Nobel Prize winner Svetlana Alexievich spoke in Dublin on Wednesday evening in her first-ever public appearance in Western Europe. Speaking in front of a packed house at Trinity College, Alexievich talked about her groundbreaking career charting the lives of ordinary people in the Soviet Union and its aftermath. And while Alexievich received a rapturous reception in Dublin (many in the audience were from Eastern Europe), at home her criticism of Vladimir Putin and Russia's actions in Ukraine have lost her friends and earned her criticism. Even though there is a grand Russian literary tradition of being in conflict with authority, some people in Russia regard her as a traitor and that the Nobel Prize was "my reward for betrayal."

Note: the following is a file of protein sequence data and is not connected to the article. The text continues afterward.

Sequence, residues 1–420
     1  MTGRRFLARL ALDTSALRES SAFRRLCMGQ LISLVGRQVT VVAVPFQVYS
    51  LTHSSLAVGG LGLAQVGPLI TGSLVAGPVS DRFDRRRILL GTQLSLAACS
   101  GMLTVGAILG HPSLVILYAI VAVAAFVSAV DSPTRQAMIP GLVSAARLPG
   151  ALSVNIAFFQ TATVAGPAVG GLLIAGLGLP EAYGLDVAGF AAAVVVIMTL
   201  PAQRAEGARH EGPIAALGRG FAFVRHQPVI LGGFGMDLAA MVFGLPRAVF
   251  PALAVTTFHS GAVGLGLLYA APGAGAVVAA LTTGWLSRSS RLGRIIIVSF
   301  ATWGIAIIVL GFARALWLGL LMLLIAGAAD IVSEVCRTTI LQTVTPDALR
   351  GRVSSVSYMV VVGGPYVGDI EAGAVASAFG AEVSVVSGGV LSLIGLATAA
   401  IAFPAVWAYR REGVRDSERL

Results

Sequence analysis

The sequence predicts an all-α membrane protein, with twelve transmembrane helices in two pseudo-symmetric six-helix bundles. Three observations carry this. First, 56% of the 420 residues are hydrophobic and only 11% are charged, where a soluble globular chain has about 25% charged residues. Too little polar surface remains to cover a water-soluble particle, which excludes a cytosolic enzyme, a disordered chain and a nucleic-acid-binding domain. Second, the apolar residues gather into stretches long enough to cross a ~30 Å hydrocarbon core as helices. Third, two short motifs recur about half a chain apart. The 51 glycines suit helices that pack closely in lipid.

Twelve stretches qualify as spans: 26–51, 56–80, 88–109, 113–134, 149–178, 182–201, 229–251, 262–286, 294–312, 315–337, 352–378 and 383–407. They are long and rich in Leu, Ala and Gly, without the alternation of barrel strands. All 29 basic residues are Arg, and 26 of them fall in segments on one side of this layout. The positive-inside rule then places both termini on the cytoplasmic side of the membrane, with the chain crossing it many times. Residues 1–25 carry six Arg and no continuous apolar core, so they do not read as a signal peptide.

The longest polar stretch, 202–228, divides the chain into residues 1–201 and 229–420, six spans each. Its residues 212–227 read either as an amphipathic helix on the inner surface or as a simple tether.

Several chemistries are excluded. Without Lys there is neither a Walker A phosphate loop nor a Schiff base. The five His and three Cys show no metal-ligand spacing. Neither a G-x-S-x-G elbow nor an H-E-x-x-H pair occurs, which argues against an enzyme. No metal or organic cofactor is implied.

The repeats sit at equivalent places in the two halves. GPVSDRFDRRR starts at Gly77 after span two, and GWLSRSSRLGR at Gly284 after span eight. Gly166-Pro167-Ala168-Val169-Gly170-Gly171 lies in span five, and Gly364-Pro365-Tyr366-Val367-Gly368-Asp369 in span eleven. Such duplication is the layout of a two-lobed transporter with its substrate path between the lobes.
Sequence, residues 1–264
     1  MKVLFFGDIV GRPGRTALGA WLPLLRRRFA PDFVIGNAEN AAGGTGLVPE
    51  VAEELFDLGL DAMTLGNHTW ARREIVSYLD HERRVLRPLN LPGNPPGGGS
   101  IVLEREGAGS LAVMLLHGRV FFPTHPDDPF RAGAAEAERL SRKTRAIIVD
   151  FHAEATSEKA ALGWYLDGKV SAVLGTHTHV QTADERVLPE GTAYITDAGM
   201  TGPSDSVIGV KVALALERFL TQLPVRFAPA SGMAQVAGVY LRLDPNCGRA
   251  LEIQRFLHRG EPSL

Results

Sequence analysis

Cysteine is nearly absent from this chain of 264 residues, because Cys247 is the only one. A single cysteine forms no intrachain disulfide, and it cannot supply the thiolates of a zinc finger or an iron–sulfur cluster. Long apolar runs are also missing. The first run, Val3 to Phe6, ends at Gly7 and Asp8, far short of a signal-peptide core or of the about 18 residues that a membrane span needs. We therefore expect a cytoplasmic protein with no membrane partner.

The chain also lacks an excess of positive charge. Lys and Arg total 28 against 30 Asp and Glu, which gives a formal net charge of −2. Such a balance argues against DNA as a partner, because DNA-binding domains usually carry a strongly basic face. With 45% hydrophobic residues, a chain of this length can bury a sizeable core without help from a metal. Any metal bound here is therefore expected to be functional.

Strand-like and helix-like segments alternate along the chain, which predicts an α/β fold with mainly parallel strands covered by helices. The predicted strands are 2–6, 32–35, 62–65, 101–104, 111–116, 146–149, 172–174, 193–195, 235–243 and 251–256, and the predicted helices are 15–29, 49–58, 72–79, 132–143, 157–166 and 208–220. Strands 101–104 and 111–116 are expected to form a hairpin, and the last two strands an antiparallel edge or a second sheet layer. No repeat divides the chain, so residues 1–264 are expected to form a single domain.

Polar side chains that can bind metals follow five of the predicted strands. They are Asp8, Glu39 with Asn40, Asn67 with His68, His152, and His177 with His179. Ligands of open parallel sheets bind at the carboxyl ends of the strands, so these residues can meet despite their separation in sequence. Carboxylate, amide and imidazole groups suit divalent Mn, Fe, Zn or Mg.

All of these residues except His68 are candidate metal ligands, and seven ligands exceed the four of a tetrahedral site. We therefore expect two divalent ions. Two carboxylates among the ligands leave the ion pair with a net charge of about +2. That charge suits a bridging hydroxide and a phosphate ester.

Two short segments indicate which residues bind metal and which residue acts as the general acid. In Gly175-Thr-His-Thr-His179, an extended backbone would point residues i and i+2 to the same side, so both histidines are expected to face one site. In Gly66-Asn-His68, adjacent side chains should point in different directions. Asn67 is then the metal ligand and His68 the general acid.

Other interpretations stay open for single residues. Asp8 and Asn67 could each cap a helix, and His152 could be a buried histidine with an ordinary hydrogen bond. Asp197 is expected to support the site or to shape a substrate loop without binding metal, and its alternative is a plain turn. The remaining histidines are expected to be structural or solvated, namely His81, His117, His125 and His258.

Alexievich's appearance in Dublin was something of a coup for the International Literature Festival Dublin, and it only came about because of her long-time friend Adi Roche, the founder of the Irish charity Chernobyl Children International. Roche (no stranger to speaking to a large crowd) was visibly moved by Wednesday's event, telling me "I salute Svetlana for her bravery, for her tenacity, for being a lone voice in the midst of insanity where she comes from. Her truth-telling has cost her dearly. It has cost her family, her friends, herself personally, and yet she continues to be that calm voice of reason, of sanity, of philosophy, of vision... She's a bit like Gorbachev: hailed in the West, and in the East seen almost as the Devil Incarnate."
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